But a trade that has very different characteristics than we could have imagined 20 years ago. A trade that has made Mexico and North America as a whole, one of the leading players in the field of supply chains of advanced industries. Today, a V8 Jeep has a fuselage that is made in Querétaro, engine made in Canada and is assembled in the United States.
A vigorous trade in intermediate goods, which end up crossing our borders several times, and this explains in large part our advantage. Jaime Zabludovsky said: "Of every peso that is exported from Mexico, 40 cents are acquired, for example, in the United States."
When electrical or optical equipment is exported from Japan, only 3.3% benefits Mexico, the United States or Canada. When electronic goods are exported from Germany, only 2.6% benefits this region. In contrast, when electrical or optical goods are exported from Canada, 12% has North American content and when it’s made in the United States, 20% of the added value is explained by and is generated in Mexico.
Today, a few days before holding the North American Leaders’ Summit, it would seem much more obvious and much easier to sell the idea of North America. However, we’ve found it difficult to get people to appreciate this concept, to assess it and invest in it. People turn, rightly, toward Asia. People are excited, and rightly so, by what is happening in Latin America, and within Latin America, in the Pacific Alliance.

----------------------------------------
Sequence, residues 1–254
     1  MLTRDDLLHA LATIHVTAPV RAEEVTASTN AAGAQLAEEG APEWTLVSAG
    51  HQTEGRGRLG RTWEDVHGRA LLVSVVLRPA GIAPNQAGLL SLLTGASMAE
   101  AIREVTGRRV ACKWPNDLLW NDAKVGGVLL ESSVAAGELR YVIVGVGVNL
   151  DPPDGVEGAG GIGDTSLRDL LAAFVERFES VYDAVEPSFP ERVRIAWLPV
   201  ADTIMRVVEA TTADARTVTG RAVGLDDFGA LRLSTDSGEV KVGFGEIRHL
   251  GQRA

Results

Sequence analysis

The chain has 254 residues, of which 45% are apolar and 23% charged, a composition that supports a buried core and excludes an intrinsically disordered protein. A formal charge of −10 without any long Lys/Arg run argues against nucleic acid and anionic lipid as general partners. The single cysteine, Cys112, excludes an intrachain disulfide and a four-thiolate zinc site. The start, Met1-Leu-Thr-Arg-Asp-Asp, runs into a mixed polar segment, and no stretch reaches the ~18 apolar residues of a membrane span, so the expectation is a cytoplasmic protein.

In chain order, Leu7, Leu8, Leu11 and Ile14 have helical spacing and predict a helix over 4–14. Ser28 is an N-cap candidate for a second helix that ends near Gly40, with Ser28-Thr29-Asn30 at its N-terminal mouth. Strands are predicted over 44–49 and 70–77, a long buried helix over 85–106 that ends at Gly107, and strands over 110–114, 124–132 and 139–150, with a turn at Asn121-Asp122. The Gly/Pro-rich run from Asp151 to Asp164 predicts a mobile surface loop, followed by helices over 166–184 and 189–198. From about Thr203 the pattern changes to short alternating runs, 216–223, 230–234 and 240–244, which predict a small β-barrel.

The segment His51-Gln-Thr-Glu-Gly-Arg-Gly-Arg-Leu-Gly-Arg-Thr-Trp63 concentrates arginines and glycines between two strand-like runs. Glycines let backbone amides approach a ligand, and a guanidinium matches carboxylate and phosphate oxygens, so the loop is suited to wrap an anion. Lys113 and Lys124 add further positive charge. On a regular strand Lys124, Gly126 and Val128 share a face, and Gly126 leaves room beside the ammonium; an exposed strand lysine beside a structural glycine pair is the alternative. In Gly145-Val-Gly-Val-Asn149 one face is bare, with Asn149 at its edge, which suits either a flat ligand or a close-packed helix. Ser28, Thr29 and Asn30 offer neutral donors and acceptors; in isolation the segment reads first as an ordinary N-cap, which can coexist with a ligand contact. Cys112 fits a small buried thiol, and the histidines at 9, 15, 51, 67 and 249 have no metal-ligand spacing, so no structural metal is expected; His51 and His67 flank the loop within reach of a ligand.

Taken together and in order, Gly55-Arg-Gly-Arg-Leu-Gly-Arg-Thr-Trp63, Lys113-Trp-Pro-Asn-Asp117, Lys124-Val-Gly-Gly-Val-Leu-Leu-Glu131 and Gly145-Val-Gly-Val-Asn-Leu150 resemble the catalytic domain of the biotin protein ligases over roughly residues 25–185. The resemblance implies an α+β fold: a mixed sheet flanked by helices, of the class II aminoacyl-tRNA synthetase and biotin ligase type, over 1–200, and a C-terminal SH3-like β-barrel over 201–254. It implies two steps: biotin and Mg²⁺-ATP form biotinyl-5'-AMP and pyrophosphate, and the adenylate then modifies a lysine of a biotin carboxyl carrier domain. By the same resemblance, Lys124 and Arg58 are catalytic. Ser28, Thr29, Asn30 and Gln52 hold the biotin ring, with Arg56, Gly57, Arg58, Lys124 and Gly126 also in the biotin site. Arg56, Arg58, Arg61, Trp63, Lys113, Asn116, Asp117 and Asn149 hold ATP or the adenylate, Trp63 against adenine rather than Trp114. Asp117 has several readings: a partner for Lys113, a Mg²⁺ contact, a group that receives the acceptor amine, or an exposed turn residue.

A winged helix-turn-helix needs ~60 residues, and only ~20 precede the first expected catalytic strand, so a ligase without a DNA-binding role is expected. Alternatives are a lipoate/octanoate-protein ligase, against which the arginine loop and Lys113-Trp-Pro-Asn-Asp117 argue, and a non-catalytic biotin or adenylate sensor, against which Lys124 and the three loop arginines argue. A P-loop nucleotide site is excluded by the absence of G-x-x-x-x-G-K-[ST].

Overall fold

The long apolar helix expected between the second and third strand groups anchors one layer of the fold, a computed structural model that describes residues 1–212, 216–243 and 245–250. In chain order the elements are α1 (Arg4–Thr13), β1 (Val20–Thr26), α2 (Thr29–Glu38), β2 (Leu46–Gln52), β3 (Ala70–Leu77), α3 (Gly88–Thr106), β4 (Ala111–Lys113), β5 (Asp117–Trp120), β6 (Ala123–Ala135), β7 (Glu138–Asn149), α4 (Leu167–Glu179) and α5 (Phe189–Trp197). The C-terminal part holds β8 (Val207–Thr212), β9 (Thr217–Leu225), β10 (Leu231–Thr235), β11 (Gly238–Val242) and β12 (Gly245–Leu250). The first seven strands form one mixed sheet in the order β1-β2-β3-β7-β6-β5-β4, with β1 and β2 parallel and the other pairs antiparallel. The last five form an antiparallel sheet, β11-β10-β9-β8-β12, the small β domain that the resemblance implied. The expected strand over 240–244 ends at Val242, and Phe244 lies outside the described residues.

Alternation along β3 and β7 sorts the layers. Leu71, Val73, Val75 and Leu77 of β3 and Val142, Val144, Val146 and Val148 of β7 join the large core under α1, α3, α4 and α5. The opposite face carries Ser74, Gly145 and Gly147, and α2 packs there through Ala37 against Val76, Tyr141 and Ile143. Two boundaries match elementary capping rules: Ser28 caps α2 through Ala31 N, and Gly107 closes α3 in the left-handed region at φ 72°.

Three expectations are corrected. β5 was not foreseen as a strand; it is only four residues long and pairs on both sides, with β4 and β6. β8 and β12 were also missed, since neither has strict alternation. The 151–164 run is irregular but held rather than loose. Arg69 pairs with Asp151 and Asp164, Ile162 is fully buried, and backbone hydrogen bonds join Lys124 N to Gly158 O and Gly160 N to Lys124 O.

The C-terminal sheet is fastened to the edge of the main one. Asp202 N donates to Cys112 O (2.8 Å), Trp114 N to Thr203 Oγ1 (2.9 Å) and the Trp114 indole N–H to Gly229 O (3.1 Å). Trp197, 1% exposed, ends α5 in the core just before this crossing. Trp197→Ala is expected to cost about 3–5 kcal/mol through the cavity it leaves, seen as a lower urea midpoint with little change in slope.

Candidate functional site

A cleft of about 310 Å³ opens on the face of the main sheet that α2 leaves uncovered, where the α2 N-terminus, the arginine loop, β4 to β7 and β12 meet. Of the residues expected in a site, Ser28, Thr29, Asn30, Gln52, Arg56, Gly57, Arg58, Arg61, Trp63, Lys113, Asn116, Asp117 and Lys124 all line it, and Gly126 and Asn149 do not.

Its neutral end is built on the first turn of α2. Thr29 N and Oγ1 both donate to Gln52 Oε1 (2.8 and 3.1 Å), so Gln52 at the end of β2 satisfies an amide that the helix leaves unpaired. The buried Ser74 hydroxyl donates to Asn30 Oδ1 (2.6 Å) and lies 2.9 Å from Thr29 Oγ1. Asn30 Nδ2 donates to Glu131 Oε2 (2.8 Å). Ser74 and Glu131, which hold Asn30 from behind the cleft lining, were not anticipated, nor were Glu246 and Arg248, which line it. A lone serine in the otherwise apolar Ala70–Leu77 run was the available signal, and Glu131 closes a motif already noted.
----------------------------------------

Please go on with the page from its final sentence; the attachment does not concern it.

But if we stop with 20 years of perspective, and see that 20 years ago we had geography, we had population and there was an ideal, the argument today in favour of North America is much clearer. If we focus only on the population, a population with different characteristics, we are not only a larger population in 2014, we will be much larger in 2050. But we see a dynamic population where Mexico brings youth to our North America, and the Hispanic population brings demographic dynamism to the United States and Canada. It is a much more skilled population, a population that has proven to have capabilities to succeed in global markets.
Our geography is also different. 20 years after signing the NAFTA, when people review the geography of North America, they find all investment oriented toward trade. They find a geography rich in roadways, rich in railways, abundant in ports, all designed to attract and foster value chains. A geography therefore implying a much greater future advantage as compared to the geography that we had 20 years ago.
But we have many more elements than were present 20 years ago: we have a sound financial system in the three countries; stable, sound macroeconomic policies in the three countries, and shared values, not only in free trade, a deeply committed democratic region with the rule of law, committed to human rights, a region with an energy profile, that we couldn’t have imagined, not 20 years ago, not even 5.
If you take all these elements together, what was then a risk is today a must. The argument in favor of America makes much more sense today than it did 20 years ago.
I conclude by bearing witness to those who 20 years ago saw in North America a space to build the future. They took a risk, made a bet. That bet today has proven itself. It was successful and has been fundamental in changing the face of North America. And the elements we have today in front of us make the argument for a prosperous and dynamic North America even more current, efforts and ideas that we will seek to position at the North American Leaders’ Summit in the days to come.
Thank you very much for having invited me.